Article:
LETTER: Re: Thinking to make up your mind!

To the Editor:
I liked Pat Robinson’s article in the March 18, 2016 Westside Weekly on “Make up your own mind.” I would like to expand on the idea. “We are drowning in data yet starving for information” as many different people have said. How do we cut through all the chatter, newscasts, newspapers, emails, and so on, such that we can make sense of anything, let all of it? The Foundation of Critical Thinking (http://www.creativethinking.org) offers an approach called Universal Intellectual Standards and some questions that we can use to think about them.
Clarity: is the message clear? Do I understand it? Would an example help me to understand? Would anything help me understand it?

Accuracy: is the message true? How might it be supported, justified, confirmed, or falsified?
Precision: Is the message precise or specific, or it is more of an abstract generality with little meaning?
Depth: does the message cover the topic in sufficient depth or does it just provide a high-level perspective that while interesting may be essentially meaningless?

Breadth: does the message cover the topic in sufficient breadth or does it just provide a narrow perspective?
Logic: is the message logical and does it make any sense? Is there any supporting evidence?

Significance: does the message address the so what question? Would anyone really care?

For example, we frequently hear or read phrases such as “we are going to make America great again.” Or, “we are going to heal the country.” Or, “American’s don’t like Obamacare.” But, what do these messages mean, really? We actually don’t know unless the person or person’s saying them provides more detailed information. We can assume, and we usually do, that we know what the messages mean, but assuming is rarely accurate.

Other approaches to critical thinking exist as well. We might want to know what the person’s point of view is (for example, progressive, conservative, religious, or whatever), we might want to know what evidence the person has to support the message, and we might want to know the implications of the message.
Thinking is not actually easy, which is why we make many decisions based on our trust in some authority figure or based on our emotions. Yet, thinking about what we read, hear, or see provides us with better information and a means of making up our minds about the topic. Given the urgency of today’s problems and the potential effects of not solving them, thinking and acting is a better approach than blinding accepting what we read, hear, or see.

At one time, people thought the earth was flat and that the planet, sun, and stars revolved around the earth. Now we know these ideas are false. We know this because we learned to think differently and look for evidence by experimentation, observation, and quantification instead of argument or authority.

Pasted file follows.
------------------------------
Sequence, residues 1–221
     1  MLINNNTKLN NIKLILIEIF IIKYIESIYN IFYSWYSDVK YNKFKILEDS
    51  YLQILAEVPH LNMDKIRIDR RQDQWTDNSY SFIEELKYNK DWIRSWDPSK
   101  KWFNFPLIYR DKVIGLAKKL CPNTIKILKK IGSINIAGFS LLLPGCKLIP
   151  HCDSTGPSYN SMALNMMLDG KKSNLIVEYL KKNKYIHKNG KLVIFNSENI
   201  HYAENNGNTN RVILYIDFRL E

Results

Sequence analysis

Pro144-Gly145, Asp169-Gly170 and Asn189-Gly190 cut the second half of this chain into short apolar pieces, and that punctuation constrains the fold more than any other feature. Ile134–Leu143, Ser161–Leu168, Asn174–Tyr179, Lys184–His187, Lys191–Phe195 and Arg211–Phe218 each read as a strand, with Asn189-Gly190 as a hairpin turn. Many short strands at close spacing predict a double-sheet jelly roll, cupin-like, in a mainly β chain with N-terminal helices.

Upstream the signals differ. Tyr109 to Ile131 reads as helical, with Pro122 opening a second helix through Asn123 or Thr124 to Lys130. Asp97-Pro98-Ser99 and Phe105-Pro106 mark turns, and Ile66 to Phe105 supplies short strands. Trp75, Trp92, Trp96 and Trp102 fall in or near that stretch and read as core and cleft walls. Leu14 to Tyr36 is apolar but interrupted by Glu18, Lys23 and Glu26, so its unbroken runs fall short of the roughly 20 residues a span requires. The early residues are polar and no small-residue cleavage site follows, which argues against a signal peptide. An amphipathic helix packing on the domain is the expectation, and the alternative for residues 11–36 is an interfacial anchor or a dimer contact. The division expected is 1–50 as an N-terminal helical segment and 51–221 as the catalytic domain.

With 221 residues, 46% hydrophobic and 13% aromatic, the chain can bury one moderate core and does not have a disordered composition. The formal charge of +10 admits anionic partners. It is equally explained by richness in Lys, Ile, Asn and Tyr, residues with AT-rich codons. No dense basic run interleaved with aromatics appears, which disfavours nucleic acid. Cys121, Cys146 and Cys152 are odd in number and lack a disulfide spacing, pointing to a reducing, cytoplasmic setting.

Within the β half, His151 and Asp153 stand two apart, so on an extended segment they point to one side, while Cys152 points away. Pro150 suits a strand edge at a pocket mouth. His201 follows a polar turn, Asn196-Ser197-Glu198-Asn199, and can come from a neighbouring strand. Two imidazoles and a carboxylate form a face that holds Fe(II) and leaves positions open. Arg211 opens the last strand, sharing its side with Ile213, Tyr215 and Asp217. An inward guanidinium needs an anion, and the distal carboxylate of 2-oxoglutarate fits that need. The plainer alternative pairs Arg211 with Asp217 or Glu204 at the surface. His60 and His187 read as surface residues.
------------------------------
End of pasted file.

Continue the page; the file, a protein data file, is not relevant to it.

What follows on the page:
To move forward, we should not be looking in a rear view mirror but to new approaches to thinking and a search for evidence regarding what we see out the front window. New thinking approaches include critical thinking, scientific thinking, and systems thinking and while these may be new terms to many people; the concepts are essentially simple and have been around for years. We just don’t bother to teach them. Critical thinking is important for us to make sense of what we read, hear, and see. The more we learn how to critically analyze, the easier it becomes to develop a more accurate sense of the world. Because if we don’t learn to make sense of the world, we can end up believing just about anything anyone wants to tell us.

Some examples—check for multiple sources of information to see if there is convergence or divergence; examine the background of sources—what do they believe and want you to believe? Follow the money! Follow the beliefs! If someone tells you that Smith is a socialist, ask yourself some basic questions. What does that mean, really? Who thinks Smith is a socialist and how would they know? What evidence is there that Smith is a socialist? Is being a socialist bad? And so on.

Society is changing, even diverging and fragmenting in many ways, and while we may not always like the changes we see around us, perhaps they are not always as bad as we might think. Look for evidence. Think about it. Don’t just listen to one channel or one station or one person or one organization, but think about what is going on, where we are going, and what we want to do in life. Talk to others. Approach thinking differently and more critically; ask more questions, look for evidence, and then make up your own mind. 

David Gould
Fauntleroy Area

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